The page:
FHC #139: The hidden costs of rising healthcare prices with Zack Cooper

In this special episode of “Diving Deep,” part of the Fixing Healthcare podcast series, cohosts Dr. Robert Pearl and Jeremy Corr dive deep into the economic and societal implications of rising healthcare costs with Zack Cooper.

Cooper, an associate professor of public health and economics at Yale, serves as director of health policy at Yale’s Institution for Social and Policy Studies. He is a health economist whose data-driven insights have helped reshape public policy.

On today’s show, Cooper explains how employer-sponsored health insurance, which covers most Americans under 65, is anything but free. As healthcare prices rise, the costs are passed down to workers through increased premiums and, more insidiously, through job losses. Cooper’s research highlights that when healthcare prices increase, employers often respond by reducing their workforce to manage the higher insurance premiums, disproportionately affecting workers earning between $20,000 and $100,000 a year.

Cooper also discusses the broader impact of rising healthcare costs on communities. These costs contribute to decreased tax revenue and increased government spending on unemployment benefits and subsidies, leading to a negative cycle of economic decline in affected areas. The psychological toll of job losses, including increases in suicides and opioid overdoses, underscores the far-reaching consequences of healthcare inefficiencies.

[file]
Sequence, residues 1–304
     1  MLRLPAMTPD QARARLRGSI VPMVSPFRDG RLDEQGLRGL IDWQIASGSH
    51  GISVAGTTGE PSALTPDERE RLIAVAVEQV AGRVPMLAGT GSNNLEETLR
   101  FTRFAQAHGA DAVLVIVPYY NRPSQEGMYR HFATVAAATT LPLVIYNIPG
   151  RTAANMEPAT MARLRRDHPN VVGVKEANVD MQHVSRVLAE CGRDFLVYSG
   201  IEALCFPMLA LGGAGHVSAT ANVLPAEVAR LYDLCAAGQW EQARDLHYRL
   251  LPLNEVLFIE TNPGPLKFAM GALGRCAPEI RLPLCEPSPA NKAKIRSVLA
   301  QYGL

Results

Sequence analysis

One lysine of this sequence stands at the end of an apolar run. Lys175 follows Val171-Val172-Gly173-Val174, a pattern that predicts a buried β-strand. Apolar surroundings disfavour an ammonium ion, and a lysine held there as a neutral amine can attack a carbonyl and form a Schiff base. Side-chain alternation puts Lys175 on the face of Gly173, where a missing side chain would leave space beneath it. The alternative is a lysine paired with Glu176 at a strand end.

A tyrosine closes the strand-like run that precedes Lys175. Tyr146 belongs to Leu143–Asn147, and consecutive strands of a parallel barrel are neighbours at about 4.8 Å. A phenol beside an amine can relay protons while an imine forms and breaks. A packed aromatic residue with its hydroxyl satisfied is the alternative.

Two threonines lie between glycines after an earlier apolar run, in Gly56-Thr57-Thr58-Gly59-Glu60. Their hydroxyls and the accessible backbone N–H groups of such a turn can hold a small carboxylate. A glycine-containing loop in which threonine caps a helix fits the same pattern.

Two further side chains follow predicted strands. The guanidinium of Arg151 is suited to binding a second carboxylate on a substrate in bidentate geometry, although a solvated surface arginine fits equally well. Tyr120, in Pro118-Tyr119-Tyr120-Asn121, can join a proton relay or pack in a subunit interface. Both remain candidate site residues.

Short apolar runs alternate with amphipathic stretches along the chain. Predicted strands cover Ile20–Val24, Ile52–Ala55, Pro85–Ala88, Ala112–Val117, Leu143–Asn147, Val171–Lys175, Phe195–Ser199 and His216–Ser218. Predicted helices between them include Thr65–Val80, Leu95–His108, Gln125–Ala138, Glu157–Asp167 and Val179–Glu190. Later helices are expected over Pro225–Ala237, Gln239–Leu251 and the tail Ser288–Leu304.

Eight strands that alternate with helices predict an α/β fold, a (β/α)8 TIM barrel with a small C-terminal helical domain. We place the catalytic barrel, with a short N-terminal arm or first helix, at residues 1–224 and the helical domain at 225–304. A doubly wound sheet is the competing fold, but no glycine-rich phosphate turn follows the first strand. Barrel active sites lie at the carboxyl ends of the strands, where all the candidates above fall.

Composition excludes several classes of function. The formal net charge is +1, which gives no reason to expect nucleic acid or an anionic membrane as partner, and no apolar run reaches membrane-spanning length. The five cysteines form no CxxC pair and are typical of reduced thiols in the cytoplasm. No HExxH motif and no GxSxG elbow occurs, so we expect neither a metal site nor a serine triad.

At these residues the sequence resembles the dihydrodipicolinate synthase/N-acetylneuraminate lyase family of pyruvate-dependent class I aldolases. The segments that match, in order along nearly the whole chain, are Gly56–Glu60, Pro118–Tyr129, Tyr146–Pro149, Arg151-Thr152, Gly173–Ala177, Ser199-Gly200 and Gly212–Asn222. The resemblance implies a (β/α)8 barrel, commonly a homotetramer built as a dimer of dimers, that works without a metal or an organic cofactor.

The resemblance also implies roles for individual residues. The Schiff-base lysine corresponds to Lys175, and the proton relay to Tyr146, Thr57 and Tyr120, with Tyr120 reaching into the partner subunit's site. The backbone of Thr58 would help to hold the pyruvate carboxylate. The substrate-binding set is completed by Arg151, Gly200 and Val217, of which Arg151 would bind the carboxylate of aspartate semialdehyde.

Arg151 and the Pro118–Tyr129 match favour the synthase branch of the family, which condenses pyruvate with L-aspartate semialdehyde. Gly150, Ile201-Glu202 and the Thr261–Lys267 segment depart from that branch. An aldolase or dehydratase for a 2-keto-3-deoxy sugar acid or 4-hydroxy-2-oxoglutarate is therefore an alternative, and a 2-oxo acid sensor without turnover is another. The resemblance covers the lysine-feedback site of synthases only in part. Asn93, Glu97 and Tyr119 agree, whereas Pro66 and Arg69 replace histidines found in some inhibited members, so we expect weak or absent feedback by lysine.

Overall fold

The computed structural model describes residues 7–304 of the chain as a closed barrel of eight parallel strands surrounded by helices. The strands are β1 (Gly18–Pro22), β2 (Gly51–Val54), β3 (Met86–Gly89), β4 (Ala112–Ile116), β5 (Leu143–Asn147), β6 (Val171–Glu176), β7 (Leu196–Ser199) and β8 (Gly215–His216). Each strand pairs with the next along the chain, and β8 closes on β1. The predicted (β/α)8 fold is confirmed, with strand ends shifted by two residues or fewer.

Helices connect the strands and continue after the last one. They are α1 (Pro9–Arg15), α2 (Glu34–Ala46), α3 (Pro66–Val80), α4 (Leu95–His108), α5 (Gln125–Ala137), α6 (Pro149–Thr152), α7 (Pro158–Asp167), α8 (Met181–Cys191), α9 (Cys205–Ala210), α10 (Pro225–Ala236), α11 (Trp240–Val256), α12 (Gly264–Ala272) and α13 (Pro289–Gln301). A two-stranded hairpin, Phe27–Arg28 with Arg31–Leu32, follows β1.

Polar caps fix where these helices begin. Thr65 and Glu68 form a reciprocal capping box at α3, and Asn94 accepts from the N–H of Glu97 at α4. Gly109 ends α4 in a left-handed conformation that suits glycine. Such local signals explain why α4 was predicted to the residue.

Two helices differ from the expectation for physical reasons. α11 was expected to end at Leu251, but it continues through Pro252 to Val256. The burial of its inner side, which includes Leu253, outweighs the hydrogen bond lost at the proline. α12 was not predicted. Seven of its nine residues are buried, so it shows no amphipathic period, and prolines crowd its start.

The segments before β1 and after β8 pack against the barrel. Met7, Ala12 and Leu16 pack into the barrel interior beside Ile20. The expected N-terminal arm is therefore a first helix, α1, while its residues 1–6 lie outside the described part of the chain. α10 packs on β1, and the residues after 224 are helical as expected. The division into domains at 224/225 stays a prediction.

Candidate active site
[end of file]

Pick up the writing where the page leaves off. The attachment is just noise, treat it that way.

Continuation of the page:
Click play to learn more or check out the various links below for additional information.


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Dr. Robert Pearl is the author of “ChatGPT, MD: How AI-Empowered Patients & Doctors Can Take Back Control of American Medicine.” All profits from the book go to Doctors Without Borders.

Fixing Healthcare is a co-production of Dr. Robert Pearl and Jeremy Corr. Subscribe to the show via Apple, Spotify or wherever you find podcasts. Join the conversation or suggest a guest by following the show on Twitter and LinkedIn.